17. November 2022 · Comments Off on Ag and Rural Caucus Call to Meeting, November 2022 · Categories: Announcements, Recent Events

Private insurance and Rural Hospital risk

Harold Miller judges that of Washington’s 39 rural hospitals, 13 are at risk of closing, one of which may be facing immediate closure. Harold heads up a national center that “facilitates improvements in healthcare payment and delivery systems.” Harold joins Shane McQuire, Columbia County Health System, Thursday evening  to help us understand the complicated finances of rural hospitals. 

These “complicated finances” are not just Medicaid reimbursement calculations. Harold points also to private insurance payment rules.

There are two different types of hospitals in America—large hospitals that make high profits on patients with private insurance, and small rural hospitals that lose money providing care to these patients,” Miller said. “Private insurers are paying too much for services at many large hospitals but they are paying too little to sustain essential services in rural areas.

Join the discussion.

15 November 2022

Rural Hospitals. Essential. Viable?
Thursday 17 November 6:30 pm 
Meeting ID: 840 9344 6627 
Passcode: 148588
Shane McGuire
Columbia County Health System

Rural Hospitals. Essential. Viable?
Economic Driver

We started looking at rural hospitals from the selfish position of saving our lives, and those of our families. A less urgent but maybe no less selfish view is that health care is big business. And we in rural areas need the employment and property taxes.

Recall, too, that several months ago we talked about “gateway” communities and the unwanted housing, water and environment, and cost-of-living effects that come with being attractive communities. The Methow was our test case but the same holds for Omak, Chelan Leavenworth, Cle Elum, and Dayton, too.

We recognize the downsides of Puget Sound residents moving east to work remotely and recreate locally. We acknowledge, though, that they bring not only pressure on scarce housing but also purchasing power, tax revenues and innovative ideas. They bring dollars and culture.

Health care access is part of responsible planning for populations shifts, for folks moving into our communities. Access to good health care is a major factor for both young families with kids going to our schools and retirees converting their house equity to investment in our downtowns.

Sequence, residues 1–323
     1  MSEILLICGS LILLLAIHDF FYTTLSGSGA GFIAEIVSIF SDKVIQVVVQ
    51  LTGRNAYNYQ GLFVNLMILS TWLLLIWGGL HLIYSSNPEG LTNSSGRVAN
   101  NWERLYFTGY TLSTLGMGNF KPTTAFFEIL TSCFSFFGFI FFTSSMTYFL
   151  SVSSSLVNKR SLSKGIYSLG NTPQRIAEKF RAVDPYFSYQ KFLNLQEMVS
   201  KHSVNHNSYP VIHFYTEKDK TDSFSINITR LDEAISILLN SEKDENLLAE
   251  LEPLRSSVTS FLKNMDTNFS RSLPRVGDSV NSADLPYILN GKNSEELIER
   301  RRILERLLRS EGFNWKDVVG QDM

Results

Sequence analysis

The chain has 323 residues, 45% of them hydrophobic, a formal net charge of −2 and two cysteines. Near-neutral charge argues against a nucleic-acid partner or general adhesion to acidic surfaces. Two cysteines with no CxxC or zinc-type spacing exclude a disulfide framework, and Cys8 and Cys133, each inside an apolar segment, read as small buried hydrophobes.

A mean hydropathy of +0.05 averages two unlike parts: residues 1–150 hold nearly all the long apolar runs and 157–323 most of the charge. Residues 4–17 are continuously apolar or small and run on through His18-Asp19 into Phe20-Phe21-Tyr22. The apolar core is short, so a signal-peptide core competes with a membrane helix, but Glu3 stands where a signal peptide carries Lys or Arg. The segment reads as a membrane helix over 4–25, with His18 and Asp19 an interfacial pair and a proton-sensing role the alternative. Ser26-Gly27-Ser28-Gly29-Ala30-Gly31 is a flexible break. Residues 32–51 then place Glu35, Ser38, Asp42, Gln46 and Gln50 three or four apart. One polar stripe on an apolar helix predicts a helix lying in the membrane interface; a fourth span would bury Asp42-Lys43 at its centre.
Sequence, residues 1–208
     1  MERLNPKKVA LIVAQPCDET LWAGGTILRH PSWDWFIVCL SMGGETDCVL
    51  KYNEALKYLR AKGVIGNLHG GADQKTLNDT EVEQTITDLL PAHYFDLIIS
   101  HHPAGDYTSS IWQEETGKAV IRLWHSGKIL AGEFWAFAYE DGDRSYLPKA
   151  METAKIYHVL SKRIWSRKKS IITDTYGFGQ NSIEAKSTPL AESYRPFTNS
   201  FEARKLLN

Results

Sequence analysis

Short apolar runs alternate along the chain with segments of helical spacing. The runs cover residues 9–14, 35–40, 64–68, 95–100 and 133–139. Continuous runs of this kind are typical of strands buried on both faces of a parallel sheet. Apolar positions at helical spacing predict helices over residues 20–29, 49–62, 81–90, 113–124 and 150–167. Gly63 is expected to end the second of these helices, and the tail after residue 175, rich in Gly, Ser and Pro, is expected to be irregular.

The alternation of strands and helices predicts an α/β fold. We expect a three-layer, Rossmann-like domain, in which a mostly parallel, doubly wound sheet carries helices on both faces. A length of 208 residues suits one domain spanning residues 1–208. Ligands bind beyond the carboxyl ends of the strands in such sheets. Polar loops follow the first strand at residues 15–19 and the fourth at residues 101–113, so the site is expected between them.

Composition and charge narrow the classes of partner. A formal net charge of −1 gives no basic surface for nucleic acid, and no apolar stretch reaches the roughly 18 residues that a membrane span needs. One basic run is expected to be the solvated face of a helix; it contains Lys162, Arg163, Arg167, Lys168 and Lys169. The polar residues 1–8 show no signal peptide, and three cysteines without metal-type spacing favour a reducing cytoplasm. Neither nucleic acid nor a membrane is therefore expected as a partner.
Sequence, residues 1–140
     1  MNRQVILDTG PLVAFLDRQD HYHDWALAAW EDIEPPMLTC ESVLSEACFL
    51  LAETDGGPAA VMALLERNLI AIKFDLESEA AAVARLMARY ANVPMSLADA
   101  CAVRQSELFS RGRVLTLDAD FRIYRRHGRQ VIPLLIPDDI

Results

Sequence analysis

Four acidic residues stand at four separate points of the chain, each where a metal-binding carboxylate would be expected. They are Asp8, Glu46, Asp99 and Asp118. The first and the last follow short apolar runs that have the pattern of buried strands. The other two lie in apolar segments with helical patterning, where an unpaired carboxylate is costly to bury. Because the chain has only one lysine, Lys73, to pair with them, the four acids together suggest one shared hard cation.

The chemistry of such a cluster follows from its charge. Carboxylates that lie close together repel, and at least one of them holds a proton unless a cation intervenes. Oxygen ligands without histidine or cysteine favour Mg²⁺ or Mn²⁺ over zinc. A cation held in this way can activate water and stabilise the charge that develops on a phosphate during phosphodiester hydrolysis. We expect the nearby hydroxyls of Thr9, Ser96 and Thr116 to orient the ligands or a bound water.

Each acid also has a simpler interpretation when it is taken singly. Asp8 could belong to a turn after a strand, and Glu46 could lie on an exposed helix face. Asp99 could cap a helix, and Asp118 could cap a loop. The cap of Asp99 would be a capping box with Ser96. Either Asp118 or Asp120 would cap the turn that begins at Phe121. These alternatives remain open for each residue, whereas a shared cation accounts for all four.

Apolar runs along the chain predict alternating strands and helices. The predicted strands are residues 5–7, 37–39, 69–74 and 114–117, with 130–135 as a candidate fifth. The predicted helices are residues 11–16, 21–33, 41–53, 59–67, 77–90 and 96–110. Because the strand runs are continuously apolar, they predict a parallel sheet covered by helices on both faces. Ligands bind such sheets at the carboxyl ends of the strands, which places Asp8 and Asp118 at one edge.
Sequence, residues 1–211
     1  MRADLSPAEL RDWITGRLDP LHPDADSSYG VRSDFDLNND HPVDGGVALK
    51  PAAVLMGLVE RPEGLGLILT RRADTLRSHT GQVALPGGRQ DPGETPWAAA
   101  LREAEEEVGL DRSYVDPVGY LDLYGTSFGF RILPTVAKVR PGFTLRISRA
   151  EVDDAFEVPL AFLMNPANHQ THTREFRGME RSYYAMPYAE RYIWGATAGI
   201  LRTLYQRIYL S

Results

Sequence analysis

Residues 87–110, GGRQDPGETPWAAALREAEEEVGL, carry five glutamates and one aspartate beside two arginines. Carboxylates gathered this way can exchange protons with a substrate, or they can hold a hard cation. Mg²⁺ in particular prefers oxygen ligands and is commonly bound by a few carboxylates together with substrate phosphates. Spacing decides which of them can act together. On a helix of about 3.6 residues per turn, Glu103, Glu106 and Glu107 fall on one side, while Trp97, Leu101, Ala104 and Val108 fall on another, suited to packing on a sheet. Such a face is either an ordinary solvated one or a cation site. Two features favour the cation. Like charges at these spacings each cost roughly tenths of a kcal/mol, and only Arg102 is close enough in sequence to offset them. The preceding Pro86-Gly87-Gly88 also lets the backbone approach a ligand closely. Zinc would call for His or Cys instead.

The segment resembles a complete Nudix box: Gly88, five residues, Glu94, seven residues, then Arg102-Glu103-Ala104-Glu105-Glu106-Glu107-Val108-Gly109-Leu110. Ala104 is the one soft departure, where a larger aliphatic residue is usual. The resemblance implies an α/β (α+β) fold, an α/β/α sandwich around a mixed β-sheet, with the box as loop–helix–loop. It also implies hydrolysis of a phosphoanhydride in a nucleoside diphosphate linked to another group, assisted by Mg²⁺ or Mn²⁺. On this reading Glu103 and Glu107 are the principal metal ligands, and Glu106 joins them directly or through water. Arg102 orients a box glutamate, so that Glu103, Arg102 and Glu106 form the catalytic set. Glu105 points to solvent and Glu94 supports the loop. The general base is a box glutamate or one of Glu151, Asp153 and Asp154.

If “selfish” means planning for our own welfare, then we all should know about, care about, and do something about making our rural health care viable.

Join Shane McGuire in talking through these issues. Shane enjoys widespread respect in southeast Washington and has graciously agreed to help us understand what makes small hospitals work.

13 November 2022

Rural Hospitals. Essential. Viable?
Who pays what?

Some years ago, ARC heard from Providence that their estimates of how the Affordable Care Act would work were thrown off by the greater than expected proportion of their patients that were on Medicaid. The expansion of Medicaid had the intended effect of increasing the number of previously uninsured residents who were seeking health care.

The statement then was that Medicaid paid less than private insurers. A current study of small rural hospitals turns that on its head. Private insurers short small rural hospitals relative to Medicaid and Medicare. What are the facts?

This quickly drops us down into the rabbit hole of health care finance. One shaky handhold is Critical Access Hospital (CAH) designation. (Here is what they areAnd here is who they are in Washington.) It turns out that CAH’s are compensated differently than Sole Community Hospitals, for example. CAH status buys you compensation based on your cost of service. No other classification gets this privilege. Most hospitals are paid under Prospective Payment Systems – “pre-determined, fixed discharge payment”.